Originally, one of the options for that meetup, was to have a workshop section. However, the number of people, the size of the venue, and time limitations, meant that it wasn’t practical to do this. Instead, I decided to team up with Pete at LAST conference, and it was great to have a full house for our session.

You can see Pete’s slides used to support the workshop, in the Slideshare deck, below. As I wanted to avoid “death by Powerpoint”, at all costs, most of the time was spent doing a series of exercises, rather than dwelling on the slides.

We also had a video camera setup in the room, and if the video turns out any good, I’ll link to it here.

The session and the exercises had the goals of:

  • demonstrating how UX practices can increase shared understanding by supporting user stories and user story backlogs.
  • showing that UX can be a valuable weapon in your armoury; helping a team build something that is really useful, and valuable to a customer.
  • demonstrating that it’s most valuable to have the whole team involved in UX style activities, in order to collect latent knowledge about the issues, goals, and possible solutions. It’s not just the job of a UX person, all team members (product owners, business analysts, developers, testers), can and should be involved.
  • Showing that it need not take huge amounts of time to include UX practices in agile projects.
One thing I didn’t mention specifically is that UX techniques work great with Story Mapping as promoted in the work of Jeff Patton. My fellow conference co-organizeer, Craig, did a session on story mapping, earlier in the morning. I’ve also written about story mapping, on this site.

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Problem solving with agile UX – Part 1

In this article, I’ll explain the motivation behind the “Problem solving with agile UX” session that I lead with Peter Grierson, at LAST Conference, on 27 July. Part 2 discusses the session at the conference.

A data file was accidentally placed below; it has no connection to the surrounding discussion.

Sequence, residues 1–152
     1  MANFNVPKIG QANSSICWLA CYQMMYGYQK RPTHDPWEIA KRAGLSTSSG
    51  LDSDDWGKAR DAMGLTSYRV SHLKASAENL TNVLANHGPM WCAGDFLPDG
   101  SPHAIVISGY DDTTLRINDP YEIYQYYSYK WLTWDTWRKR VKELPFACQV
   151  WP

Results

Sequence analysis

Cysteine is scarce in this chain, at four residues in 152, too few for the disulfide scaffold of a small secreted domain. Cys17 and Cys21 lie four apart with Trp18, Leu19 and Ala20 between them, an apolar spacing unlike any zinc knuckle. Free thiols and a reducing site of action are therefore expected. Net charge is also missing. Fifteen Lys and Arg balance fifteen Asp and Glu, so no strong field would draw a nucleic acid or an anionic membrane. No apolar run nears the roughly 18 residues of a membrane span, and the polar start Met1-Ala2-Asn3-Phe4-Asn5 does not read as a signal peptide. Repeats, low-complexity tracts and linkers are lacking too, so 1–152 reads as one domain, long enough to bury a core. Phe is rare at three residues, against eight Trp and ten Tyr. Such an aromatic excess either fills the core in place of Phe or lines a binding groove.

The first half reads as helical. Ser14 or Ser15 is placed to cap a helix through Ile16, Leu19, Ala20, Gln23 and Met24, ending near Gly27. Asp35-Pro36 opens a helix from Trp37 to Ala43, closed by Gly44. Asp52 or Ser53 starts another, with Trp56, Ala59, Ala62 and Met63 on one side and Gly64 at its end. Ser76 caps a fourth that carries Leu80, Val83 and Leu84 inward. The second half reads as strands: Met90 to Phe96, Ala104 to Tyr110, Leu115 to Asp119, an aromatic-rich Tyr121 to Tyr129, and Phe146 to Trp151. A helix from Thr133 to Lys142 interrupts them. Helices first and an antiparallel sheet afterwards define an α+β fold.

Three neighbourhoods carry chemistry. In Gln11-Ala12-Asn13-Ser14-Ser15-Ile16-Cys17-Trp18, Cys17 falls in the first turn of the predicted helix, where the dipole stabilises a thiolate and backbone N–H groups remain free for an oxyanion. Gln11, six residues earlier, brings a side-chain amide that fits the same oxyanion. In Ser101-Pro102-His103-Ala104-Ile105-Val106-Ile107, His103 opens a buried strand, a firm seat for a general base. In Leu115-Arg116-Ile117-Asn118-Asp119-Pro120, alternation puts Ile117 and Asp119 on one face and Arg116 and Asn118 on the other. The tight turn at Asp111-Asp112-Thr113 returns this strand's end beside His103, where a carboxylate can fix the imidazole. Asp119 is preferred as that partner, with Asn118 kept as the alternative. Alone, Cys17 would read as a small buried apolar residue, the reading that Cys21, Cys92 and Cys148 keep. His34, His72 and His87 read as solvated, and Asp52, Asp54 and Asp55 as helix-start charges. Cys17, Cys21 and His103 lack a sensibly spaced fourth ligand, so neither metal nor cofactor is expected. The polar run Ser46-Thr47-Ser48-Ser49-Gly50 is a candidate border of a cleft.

What movies are on tonight?

Let me clearly state, that I like Cinema Nova, quite a lot. They have quite a few screens, which means that there is usually a pretty good choice of films on any one night. So, this is not meant to be a heartless lampoon; more like constructive criticism.

One common scenario is that my movie going companions and I will finish work, and will often go for a quick meal at a local restaurant, either before the movie, or after it finishes. This means that  there are 2 windows of viewing opportunity; movies that start at around 6pm (finishing around 8pm), or ones that start at around 7:30.

As part of this scenario, I also want to find out what a movie was about. Although I regularly listen to Mark Kermode and Simon Mayo’s Film Reviews podcast, and often watch At the Movies, I can’t always remember that the “free-wheeling rock ‘n’ roll love story set against the raucous magnificence and unforgettable sounds of Scotland’s leading music Festival” is called You Instead.

Also, I’d quite like to see how long the film is, to gauge whether I need to buy a choc top to stave off hunger pangs, or to not drink a lot of water, in the case of a long movie. This also gives me an idea of whether I’ll get home in good time on public transport, or whether I should get a taxi instead.

The first port of call on this is, of course their website. You can see below, the “Session Times” page: